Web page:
Another new study concludes (yet again) that diabetes is a major risk factor in COVID-19

This link only leads to the abstract, I think, and the one article I found discussing this study had a broken link. But this seems to be yet another study that concludes that diabetes is among the major risk factors for severe illness and death from COVID-19 infection.


I am not sure if they distinguish between diabetes and the consequences of poor control. Which of the two is a risk factor?

For me there is also something else to worry about: it seems that COVID-19 has a lot of impact on different organs. I wonder what the long term consequences of an infection could be for a diabetic?


They distinguish between patients with good and poor control (in the paper defined as an HbA1c >= 58 mmol/mol, i.e. 7.5%). Diabetes is itself is a risk factor, but poorly controlled patients have a higher risk of death than patients with good control:

Increasing risks were seen with increasing obesity (BMI >40 fully adjusted HR 1.92, 95% CI 1.72-2.13), and most comorbidities were associated with higher risk of death, including diabetes (with a greater HR for those with recent HbA1c >= 58 mmol/mol)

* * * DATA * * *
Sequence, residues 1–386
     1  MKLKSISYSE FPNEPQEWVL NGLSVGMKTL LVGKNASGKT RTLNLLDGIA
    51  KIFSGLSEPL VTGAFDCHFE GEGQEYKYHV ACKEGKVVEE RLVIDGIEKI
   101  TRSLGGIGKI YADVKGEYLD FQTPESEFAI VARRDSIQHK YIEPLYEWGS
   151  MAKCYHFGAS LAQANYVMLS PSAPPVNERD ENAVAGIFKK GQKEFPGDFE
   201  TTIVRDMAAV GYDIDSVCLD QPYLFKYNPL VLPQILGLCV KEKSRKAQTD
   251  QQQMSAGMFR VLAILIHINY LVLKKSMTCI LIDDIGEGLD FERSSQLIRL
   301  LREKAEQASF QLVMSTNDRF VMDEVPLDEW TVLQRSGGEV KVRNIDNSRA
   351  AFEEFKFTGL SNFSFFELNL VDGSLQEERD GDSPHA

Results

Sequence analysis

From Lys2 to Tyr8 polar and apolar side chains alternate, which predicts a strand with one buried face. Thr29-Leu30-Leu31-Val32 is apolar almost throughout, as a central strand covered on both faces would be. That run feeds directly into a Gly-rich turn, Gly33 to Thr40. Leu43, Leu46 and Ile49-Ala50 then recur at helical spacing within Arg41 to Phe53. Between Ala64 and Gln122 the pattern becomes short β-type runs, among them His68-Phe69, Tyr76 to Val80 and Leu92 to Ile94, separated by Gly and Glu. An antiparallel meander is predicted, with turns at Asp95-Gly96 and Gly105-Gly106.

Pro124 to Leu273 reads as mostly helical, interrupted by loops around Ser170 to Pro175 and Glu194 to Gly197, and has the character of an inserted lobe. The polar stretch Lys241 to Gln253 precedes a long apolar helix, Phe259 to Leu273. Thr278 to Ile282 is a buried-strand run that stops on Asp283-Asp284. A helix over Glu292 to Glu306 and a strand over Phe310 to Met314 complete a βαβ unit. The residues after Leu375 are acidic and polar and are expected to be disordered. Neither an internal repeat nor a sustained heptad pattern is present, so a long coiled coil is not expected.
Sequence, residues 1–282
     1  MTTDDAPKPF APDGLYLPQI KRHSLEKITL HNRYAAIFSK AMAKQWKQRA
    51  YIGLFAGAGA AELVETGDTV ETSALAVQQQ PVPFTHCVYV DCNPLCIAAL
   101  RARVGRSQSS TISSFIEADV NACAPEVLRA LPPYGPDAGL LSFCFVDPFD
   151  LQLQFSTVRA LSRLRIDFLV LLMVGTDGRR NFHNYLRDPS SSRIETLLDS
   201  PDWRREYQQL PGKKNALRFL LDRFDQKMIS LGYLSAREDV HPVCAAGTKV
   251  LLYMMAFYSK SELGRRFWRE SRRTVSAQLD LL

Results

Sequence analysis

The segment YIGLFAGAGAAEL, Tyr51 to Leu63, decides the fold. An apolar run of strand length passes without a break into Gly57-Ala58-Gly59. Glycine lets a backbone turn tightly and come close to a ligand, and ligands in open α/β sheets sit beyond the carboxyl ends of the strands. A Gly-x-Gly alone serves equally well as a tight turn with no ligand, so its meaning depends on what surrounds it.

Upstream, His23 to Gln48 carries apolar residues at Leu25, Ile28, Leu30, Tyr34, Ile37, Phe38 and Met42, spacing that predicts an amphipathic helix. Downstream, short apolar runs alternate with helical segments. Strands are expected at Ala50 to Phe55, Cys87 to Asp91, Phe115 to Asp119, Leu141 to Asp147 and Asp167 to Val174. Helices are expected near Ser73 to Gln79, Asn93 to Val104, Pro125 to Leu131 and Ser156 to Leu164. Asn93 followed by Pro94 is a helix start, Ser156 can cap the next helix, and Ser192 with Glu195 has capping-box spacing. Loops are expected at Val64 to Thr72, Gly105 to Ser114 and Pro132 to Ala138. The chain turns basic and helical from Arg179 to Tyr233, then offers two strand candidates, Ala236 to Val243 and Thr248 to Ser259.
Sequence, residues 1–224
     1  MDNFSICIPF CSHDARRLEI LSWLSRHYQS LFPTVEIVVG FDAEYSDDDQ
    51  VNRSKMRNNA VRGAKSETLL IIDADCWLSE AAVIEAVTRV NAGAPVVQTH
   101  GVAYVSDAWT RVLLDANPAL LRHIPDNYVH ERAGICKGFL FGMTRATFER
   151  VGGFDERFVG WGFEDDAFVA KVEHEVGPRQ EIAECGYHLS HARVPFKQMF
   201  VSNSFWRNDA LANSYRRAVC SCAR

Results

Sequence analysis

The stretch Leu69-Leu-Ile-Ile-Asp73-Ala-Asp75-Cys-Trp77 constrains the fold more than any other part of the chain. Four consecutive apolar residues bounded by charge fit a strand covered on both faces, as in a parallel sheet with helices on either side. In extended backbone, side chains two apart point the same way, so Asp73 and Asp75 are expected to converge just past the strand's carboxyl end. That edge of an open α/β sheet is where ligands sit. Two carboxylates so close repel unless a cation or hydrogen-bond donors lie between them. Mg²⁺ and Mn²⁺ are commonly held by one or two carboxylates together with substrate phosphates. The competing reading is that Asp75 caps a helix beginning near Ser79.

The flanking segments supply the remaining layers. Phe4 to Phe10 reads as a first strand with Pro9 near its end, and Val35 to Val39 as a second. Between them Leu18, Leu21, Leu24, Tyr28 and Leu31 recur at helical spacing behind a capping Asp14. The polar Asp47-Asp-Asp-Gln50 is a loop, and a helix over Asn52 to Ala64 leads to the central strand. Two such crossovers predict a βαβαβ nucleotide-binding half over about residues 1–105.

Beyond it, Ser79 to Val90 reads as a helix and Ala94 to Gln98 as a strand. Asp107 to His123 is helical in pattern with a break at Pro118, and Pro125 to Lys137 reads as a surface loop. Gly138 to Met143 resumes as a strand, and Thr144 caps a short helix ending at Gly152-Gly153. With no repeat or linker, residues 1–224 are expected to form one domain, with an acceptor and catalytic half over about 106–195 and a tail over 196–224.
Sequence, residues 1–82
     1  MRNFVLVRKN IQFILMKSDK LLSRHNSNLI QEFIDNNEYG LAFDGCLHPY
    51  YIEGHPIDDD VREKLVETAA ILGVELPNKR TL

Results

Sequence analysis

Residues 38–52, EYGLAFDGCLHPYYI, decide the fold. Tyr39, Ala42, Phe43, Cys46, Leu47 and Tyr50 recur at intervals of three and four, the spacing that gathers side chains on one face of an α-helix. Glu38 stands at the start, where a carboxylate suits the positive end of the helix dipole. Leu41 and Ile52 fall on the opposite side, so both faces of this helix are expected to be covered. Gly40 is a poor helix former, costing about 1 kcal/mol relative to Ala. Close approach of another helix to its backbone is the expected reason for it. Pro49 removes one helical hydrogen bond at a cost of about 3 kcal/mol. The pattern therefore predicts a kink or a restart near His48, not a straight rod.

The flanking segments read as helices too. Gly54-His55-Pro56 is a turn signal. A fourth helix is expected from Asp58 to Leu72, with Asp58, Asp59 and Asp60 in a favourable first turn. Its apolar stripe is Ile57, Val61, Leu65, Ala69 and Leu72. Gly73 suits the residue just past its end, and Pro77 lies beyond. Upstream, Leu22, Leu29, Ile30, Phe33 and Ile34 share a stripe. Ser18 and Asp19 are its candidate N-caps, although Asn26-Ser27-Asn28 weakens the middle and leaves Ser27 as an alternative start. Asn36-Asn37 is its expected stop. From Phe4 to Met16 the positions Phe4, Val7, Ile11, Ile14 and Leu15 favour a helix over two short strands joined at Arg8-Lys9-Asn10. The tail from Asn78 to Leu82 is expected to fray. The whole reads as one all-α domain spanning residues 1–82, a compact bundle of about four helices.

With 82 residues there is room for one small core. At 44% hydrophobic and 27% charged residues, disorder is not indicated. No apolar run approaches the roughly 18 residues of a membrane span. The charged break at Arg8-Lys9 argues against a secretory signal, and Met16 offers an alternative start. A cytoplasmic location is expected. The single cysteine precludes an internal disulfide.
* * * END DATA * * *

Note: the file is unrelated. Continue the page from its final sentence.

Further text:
Even with good control it still isn’t a comforting statistic. Diabetics get the shaft again. :frowning:


It does suck. When reports that diabetes was among the risk factors first came out, I was really hopeful that it was only Type 2 diabetes. Then, when the NHS study came out showing that people with Type 1 were actually at higher risk than people with Type 2, I hoped that it was only people with poor control. But now more recent studies have drilled down into that, and shown that even those with good control are at higher risk. Still, as someone with two of the three biggest risk factors (diabetes and obesity, luckily I have age on my side), it’s good to know. It definitely impacts my risk assessment for things like going back to work or not.

I’ve read that evidence is indicating that COVID-19 is more of a vascular disease than a lung disease, so that may be why diabetes, obesity, and age seem to be the three biggest risk factors. All three of those things can have negative impacts on the cardiovascular system. I believe studies have shown that people with Type 1 diabetes are at substantially increased risk of cardiovascular disease even if they don’t have other typical risk factors, and that the risk level isn’t related to diabetes control the way other complications are.